How to use make and let

Be careful with the grammar of “make” and “let”.

In English, the verbs “make” and “let” are followed by an object and the infinitive without “to”. For example:

They can’t make you work late.
She made him do the exercise again.

She lets the students sing in class.
His parents let him paint his room black.

But in the passive form, “make” is followed by the infinitive with “to”:

They were made to do the exercise again.
Cinderella was made to sweep the floor before she could go out.

There is no passive form of “let”. Instead, you can use the verb “allow”:

He was allowed to stay up late.
She is never allowed to go to discos.

The verb “Have” can also be used in this pattern:

Please have your secretary call me as soon as possible.

(Please ask your secretary to call me…)

He had his car repaired yesterday.

Other English verbs not followed by the infinitive + to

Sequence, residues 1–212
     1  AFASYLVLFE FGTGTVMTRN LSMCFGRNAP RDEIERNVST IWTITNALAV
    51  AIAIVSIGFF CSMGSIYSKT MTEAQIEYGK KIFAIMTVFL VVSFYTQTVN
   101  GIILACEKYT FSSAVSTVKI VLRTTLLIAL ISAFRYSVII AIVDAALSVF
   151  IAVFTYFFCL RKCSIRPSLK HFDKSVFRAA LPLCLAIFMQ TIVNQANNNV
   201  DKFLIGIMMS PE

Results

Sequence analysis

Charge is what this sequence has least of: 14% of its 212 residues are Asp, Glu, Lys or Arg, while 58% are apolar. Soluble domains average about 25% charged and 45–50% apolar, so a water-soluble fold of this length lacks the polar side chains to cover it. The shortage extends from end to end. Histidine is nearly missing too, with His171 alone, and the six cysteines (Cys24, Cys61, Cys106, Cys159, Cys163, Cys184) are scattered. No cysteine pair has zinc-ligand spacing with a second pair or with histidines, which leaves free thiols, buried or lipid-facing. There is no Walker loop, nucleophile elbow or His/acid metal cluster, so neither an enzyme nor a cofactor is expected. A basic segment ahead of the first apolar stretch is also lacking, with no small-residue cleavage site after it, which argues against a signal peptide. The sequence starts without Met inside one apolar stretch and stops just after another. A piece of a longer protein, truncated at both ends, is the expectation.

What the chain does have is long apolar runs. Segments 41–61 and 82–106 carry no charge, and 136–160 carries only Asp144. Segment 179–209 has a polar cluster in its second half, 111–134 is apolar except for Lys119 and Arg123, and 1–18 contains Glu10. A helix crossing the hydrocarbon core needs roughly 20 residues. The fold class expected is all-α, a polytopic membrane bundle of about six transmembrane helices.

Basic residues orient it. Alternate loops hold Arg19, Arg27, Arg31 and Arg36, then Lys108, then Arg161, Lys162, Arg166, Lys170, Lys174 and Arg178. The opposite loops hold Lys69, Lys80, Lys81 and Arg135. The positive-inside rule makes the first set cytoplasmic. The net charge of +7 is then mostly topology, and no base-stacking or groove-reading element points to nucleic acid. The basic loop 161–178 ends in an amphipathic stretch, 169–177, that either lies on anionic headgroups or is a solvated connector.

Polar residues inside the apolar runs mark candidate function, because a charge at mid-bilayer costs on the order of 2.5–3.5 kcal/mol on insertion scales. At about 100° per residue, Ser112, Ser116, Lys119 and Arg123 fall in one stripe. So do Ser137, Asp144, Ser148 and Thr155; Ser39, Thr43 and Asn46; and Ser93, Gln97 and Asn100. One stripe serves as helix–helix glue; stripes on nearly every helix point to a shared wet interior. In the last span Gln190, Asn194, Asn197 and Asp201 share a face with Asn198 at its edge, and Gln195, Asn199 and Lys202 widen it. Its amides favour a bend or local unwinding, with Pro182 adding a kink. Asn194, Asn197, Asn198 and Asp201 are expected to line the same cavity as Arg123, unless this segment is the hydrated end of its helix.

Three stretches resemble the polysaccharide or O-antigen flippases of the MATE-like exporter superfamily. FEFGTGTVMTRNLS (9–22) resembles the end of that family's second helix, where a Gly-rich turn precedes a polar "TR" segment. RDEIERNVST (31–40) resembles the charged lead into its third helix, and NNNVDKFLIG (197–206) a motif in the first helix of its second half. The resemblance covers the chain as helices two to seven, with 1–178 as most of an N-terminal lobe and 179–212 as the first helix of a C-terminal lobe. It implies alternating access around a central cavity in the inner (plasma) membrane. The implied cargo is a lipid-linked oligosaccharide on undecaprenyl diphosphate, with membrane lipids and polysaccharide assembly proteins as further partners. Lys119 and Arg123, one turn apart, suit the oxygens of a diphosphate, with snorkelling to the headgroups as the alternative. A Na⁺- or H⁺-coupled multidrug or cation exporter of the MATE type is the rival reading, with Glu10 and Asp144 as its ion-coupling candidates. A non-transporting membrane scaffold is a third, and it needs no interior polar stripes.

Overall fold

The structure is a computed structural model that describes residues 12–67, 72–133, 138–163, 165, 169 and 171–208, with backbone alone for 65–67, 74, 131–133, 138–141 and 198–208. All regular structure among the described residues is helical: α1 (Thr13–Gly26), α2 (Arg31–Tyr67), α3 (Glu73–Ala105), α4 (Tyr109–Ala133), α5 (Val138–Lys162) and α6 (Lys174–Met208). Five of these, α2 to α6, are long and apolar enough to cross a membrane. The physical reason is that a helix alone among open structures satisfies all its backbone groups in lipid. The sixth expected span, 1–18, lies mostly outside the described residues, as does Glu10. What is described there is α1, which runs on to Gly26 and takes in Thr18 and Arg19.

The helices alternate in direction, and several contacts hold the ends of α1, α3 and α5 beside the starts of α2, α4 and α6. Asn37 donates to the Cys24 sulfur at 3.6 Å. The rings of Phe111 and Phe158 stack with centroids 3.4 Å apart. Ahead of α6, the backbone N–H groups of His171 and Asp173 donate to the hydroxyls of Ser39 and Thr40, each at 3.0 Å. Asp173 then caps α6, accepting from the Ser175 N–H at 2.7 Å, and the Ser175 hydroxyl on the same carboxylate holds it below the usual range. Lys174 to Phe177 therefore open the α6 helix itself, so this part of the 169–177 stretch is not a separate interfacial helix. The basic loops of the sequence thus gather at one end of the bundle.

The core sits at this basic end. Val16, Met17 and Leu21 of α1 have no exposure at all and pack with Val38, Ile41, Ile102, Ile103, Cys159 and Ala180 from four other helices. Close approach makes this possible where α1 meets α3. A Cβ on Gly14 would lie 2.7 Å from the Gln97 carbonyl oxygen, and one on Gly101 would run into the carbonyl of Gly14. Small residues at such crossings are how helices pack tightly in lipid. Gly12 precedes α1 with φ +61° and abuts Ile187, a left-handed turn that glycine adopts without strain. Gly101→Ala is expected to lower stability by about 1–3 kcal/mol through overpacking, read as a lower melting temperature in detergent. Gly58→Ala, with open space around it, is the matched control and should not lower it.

Modal verbs (can, will, would, etc) are followed by the infinitive without “to”:

I can see him clearly.
They will leave early tomorrow.
If I were you, I would talk to her.

(Click here for more information on modals.)

See / hear / watch someone followed by the infinitive without “to”:

She saw the girl steal the money. (She saw all the action of stealing.)
I heard him tell her about the party.” (I heard all about the party.)
I watched them do the exercise. (I watched them complete the exercise.)

But remember:
If you follow these verbs with the gerund form (ing), you only see part of the action.

She saw him talking to the teacher. (She didn’t see the whole conversation.)

See also How to use gerunds in English and our page on infinitives for more information.